What I am suggesting, is that you take stock of how often you eat food prepared by someone other than yourself, in a (commercial) kitchen other than your own, and include EVERYTHING; breakfast, lunch, snack with your coffee, dinner, appetizers and drinks with the girls, movie theater munchies, intermission nibbles at cultural performances, the snack/alcohol bar at sporting events, museum outings, the buffet of snacks at day-long professional meetings, your book club, or the volunteer planning event. The list is ENDLESS, because you can eat endlessly EVERYWHERE!

Now, is there any place you can reduce that number you came up with? Can you walk to the pantry or fridge and scrounge something up? Can you grab quick fixin’s at the grocery store so you can effortlessly assemble a sandwich, heat up a bowl of soup, or munch on hummus, crackers and fruit? And you know, cereal really can count as dinner.

No need to get all cra-cra about it, but do realize that most pre-prepared foods have had some level of chemical exposure along their production journey (honestly, you could say that about ALL food – hello pesticides and injected hormones!), and once they land on your plate, so will you.

My intention is not to come off as alarmist or the dietitian dining police; this is a real thing! My only goal is to educate you on this stuff – you can do with it whatever you please, yet if you’re interested in reducing toxins in your environment, you probably want to know every place they may be hiding. It’s empowering to have all the knowledge you can get, especially since breast cancer is so random and so all about not feeling in charge of your life. If you choose, eating out less often is something you can be in charge of – and that typically feels pretty darn good.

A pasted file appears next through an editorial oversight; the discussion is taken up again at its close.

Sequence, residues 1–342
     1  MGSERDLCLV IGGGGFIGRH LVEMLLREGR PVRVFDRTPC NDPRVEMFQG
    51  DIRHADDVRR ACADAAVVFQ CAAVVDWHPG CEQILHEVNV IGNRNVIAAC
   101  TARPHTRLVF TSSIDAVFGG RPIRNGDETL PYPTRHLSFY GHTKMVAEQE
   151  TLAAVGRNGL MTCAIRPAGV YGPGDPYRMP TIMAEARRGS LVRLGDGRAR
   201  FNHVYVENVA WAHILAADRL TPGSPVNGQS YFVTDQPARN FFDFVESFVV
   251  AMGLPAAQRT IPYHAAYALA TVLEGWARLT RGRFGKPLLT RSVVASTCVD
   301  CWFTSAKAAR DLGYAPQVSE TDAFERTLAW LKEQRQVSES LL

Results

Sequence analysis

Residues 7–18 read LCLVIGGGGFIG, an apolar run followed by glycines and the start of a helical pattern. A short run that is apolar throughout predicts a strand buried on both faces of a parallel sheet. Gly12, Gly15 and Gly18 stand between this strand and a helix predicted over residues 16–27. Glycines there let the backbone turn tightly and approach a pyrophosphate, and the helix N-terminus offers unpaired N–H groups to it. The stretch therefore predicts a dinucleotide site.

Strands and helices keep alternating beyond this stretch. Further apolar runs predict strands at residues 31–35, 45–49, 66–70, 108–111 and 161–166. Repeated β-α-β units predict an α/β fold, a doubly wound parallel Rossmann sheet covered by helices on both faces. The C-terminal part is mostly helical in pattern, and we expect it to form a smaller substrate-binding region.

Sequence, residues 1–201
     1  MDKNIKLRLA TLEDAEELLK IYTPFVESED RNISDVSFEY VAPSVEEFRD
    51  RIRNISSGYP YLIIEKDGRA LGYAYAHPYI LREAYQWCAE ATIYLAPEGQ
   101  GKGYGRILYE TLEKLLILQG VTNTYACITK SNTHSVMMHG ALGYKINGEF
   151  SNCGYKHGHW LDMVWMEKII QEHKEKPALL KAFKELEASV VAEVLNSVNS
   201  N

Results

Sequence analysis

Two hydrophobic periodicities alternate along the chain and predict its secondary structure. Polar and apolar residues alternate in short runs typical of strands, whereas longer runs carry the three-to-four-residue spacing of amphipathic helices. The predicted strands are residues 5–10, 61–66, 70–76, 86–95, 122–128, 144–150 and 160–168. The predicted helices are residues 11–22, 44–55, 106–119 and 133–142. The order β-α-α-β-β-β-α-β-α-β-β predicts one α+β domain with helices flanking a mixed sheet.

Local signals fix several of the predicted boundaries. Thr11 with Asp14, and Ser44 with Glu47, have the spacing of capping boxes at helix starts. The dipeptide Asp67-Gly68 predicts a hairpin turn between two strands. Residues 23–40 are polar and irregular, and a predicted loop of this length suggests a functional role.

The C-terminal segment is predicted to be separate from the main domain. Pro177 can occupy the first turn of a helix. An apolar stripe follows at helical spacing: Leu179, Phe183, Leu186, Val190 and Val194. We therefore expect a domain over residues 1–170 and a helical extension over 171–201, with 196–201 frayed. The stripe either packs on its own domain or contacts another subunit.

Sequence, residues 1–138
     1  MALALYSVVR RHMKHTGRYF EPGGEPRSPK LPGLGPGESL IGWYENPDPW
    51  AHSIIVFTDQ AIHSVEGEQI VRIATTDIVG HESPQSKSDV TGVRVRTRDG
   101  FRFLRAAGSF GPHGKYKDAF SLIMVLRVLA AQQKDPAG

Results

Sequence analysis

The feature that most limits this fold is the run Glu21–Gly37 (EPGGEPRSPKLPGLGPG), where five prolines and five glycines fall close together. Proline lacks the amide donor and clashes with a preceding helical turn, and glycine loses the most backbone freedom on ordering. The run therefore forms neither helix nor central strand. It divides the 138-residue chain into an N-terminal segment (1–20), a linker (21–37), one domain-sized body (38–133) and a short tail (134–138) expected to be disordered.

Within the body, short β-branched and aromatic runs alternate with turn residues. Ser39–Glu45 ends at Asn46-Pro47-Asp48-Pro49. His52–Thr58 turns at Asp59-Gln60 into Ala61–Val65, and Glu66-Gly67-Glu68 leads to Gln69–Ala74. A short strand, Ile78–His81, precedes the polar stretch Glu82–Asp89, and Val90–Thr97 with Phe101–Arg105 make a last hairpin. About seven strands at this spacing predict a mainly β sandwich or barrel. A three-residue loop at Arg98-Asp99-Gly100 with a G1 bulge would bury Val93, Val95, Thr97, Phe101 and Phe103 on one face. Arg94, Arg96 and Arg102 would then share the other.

A few closing stats to chew on:

  • In 1955, the restaurant industry comprised 25% of the family food dollar. In 2017, that number rose to 48%.
  • 51% of diners go out to eat more than once a week.
  • 70% of diners say they are more likely to choose a restaurant that offers healthy menu options. (Yay, at least there’s that!). (9)

Like what you read? Never miss another post! Click here, sign up for my newsletter, get a FREE gift!


(1) Number of people who visited any fast-food restaurant within the last 30 days in the United States from autumn 2009 to spring 2017 (in millions)

(2) Dining out associated with increased exposure to harmful chemicals

(3)  Large new study of phthalate exposure and breast cancer risk

(4) Are Plastic Bottles and Containers Safe?

(5) A Hard Nut to Crack: Reducing Chemical Migration in Food-Contact Materials

(6) An effect-directed strategy for characterizing emerging chemicals in food contact materials made from paper and board

(7) Dietary sources of cumulative phthalates exposure among the U.S. general population in NHANES 2005–2014

(8) Fact Sheet for Health Professionals: Early Puberty and Breast Cancer Risk

(9) 50+ Restaurant Industry Statistics for Restaurant Owners in 2018